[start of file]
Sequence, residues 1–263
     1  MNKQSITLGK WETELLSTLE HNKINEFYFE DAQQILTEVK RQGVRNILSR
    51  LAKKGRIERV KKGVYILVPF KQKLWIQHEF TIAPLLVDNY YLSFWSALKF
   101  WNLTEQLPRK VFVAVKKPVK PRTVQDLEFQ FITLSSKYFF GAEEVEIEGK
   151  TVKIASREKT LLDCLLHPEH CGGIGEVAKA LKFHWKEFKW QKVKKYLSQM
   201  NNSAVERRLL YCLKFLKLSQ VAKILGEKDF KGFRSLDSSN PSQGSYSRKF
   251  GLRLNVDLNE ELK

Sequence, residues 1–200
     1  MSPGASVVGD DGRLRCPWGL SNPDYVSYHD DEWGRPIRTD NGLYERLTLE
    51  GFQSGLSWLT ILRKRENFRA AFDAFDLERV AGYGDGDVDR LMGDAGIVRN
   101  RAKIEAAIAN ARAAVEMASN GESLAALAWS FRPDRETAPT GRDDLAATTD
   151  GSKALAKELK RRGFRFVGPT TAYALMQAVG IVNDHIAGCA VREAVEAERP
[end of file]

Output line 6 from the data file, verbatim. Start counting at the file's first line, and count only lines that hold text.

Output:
   201  NNSAVERRLL YCLKFLKLSQ VAKILGEKDF KGFRSLDSSN PSQGSYSRKF